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Tuesday, December 10, 2013
Marcela Valente* - IPS/IFEJ
- The BP oil spill earlier this year in the Gulf of Mexico seems to have motivated Argentina to double the protected area in the Patagonian Sea, which is rich in petroleum — and in biodiversity. “What the Gulf of Mexico spill (which began in April) showed us is that even the most modern corporations can take months to seal off a leak, and for us, that would be fatal,” said biologist Santiago Krapovickas, coordinator of the Forum for the Conservation of the Patagonian Sea.
The Patagonian Sea, part of the South Atlantic Ocean, is home to a great variety of mammal and bird species, as well as shellfish and commercially valuable fish species.
Just 0.5 percent of the more than three million square kilometres of Patagonian Sea are officially protected, but there are few resources and mechanisms to guarantee conservation in that area, which is poorly managed, according to the “Summary of the State of Conservation of the Patagonian Sea”, published in 2008 by the Forum, which brings together 10 national and international organisations.
Up to now, there was just one national coastal marine park, the Monte León, in the southern province of Santa Cruz. But on Oct. 27, at the global biodiversity summit held in Japan, Argentina’s National Parks Administration announced four new protected marine areas.
They are the Southern Patagonia Coastal Marine Park, in the province of Chubut, Isla Pingüino (Penguin Island) and Makenke parks, in Santa Cruz, and one set in the ocean, the Burdwood Bank National Marine Park, situated south of the Malvinas/Falkland Islands.
The areas will bring Argentina’s total for protected marine waters to 1,360,800 hectares, but is a long way from the goal of 10 percent set for 2020 by the Convention on Biological Diversity, which Argentina signed in 1994.
“We are lagging behind,” said journalist Flavia Broffini, with the Argentine Wildlife Foundation. “With those parks we will cover 1.5 percent, which is twice what we had under protection.”
It is not a matter of limiting or restricting the use of those areas, she explained, but rather of providing the management tools that permit biodiversity conservation over the long term.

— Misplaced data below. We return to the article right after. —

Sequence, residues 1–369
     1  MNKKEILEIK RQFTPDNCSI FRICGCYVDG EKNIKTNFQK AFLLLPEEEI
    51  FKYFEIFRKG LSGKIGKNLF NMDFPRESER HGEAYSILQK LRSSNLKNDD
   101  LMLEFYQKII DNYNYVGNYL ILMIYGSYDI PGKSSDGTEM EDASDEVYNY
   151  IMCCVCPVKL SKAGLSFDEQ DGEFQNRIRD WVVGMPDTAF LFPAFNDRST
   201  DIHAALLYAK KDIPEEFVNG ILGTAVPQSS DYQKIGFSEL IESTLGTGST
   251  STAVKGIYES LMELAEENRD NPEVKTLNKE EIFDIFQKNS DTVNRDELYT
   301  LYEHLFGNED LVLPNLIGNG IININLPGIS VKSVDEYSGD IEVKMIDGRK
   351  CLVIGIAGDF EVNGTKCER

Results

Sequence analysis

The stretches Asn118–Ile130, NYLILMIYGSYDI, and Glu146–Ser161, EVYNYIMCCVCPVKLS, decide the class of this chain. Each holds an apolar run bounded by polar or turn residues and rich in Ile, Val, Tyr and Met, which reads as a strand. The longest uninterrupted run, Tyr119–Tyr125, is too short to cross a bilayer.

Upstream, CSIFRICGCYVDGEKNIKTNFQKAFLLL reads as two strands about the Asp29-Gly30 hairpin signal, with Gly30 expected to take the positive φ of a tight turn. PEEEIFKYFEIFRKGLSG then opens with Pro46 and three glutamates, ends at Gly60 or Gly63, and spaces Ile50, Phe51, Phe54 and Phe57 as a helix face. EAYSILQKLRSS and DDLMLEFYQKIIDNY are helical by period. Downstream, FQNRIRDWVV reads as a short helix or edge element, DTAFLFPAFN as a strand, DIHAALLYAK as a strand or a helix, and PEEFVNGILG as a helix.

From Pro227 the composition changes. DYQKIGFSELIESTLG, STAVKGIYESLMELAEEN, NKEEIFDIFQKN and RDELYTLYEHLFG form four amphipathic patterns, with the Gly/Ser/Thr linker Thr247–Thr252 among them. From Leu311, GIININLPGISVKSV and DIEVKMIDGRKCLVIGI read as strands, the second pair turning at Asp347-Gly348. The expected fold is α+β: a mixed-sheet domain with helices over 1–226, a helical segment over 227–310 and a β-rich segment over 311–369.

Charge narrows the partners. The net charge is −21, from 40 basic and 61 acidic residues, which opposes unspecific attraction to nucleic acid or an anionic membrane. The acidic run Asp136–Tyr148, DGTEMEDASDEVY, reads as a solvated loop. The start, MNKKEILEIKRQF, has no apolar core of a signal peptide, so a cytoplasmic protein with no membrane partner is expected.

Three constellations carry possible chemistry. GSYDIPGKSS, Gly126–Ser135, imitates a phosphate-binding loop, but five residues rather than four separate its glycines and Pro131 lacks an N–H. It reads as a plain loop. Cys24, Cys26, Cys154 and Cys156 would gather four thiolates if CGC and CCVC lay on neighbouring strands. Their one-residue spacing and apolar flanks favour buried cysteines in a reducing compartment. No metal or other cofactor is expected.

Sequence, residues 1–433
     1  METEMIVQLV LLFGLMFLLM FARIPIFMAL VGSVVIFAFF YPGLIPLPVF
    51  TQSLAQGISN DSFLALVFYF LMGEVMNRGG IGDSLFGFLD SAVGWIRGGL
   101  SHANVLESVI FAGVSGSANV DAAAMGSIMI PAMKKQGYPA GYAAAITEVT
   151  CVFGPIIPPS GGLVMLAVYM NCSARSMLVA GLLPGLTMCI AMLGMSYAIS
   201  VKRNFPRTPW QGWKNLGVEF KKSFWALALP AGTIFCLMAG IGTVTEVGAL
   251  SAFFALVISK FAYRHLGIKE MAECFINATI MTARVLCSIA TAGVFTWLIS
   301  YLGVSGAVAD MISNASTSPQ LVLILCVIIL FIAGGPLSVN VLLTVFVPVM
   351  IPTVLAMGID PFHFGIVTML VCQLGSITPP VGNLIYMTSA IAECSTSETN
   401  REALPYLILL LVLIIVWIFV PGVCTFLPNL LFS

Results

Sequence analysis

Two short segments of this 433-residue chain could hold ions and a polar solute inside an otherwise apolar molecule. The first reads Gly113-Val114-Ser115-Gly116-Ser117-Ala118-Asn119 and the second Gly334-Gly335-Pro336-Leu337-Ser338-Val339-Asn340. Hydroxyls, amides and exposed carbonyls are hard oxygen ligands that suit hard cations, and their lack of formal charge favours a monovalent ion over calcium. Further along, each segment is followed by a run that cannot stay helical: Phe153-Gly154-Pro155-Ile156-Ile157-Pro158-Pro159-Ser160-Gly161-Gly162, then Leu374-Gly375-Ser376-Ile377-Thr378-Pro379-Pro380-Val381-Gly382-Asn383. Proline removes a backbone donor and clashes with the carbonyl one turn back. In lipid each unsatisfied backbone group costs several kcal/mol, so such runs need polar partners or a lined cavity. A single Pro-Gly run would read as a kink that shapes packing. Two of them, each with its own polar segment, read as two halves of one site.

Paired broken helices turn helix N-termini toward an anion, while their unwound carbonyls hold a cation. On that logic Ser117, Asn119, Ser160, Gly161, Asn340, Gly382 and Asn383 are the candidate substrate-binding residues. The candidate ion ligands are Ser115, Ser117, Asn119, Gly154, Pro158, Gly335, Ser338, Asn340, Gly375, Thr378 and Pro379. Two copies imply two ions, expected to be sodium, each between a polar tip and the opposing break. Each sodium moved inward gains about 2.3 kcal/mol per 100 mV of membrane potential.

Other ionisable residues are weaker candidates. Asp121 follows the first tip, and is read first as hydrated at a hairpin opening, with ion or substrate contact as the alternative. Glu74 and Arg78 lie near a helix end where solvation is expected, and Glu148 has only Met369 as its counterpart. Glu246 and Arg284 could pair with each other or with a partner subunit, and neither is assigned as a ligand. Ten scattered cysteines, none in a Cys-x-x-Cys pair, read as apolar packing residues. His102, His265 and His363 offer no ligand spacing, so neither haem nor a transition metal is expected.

Krapovickas believes it is essential to prevent oil spills, overfishing and bycatches of smaller fish or species caught using bottom-trawling techniques.
He said because of the volume of the sea, unlike protected land areas, the total hectares of a protected sea area are a mere detail.
There are millions of cubic metres of water with a great deal of life in each hectare — from microscopic organisms to large mammals, including species attractive to the fishing industry, like squid, lobster, crab, scallops and mussels, he pointed out.
It is “extremely important,” he said, to preserve areas where the species of economic value can recover, following the successful examples of South Africa’s De Hoop marine preserve and Chile’s Punta del Lacho reserve in the Pacific.
The Southern Patagonia Park is one of the areas of greatest diversity of the Argentine seas. “It is a nursery of lobster, hake and, among the more spectacular wildlife, the Magellanic penguin (Spheniscus magellanicus),” said Krapovickas.
The area chosen for conservation — 132,000 hectares that include 140 islets — is home to dolphins as well as colonies of birds like the imperial shag, pelagic cormorant, royal tern, yellow-billed tern, and southern giant petrel.
Tourism in the area “has hardly developed, but has great potential” because of the rocky coastal landscape, intense blue seas and islands with amazing wildlife, he said.
In the Isla Pingüino protected area, with its 170,000 hectares of sea and islands, there are rockhopper penguins, sea lions, and various dolphin species, including Commerson’s dolphin (Cephalorhynchus commersonii). It is also a key area in terms of preserving commercial species. “The sea there is stormy and very cold, but highly productive,” said Krapovickas.
In addition to the Makenke Park (90,000 hectares home to numerous penguin and seabird species), the Burdwood Bank is a practically unknown area, till now partially preserved as a precautionary measure.
“It’s to the east of the Isla de los Estados, south of the Malvinas archipelago, and is estimated to host a vast variety of invertebrates, sponges, cold-water corals, unique molluscs and even some new species,” Krapovickas said.
But he stressed: “We don’t have experience in this type of monitoring so far from the coast, so it will be a big challenge.”
In that zone, with its natural gas and oil fields, a portion of the Burdwood Bank is under dispute between Argentina and Britain, in the context of the conflict over the Malvinas or Falkland Islands.
“If it took a company like BP months to get the Gulf of Mexico spill under control, if that were to happen in our sea, we would have no alternative but to lose sensitive, biodiverse areas forever,” concluded the biologist.
*This story is part of a series of features on biodiversity by Inter Press Service (IPS), CGIAR/Biodiversity International, International Federation of Environmental Journalists (IFEJ), and the United Nations Environment ProgramME/Convention on Biological Diversity (UNEP/CBD) — all members of the Alliance of Communicators for Sustainable Development (www.complusalliance.org).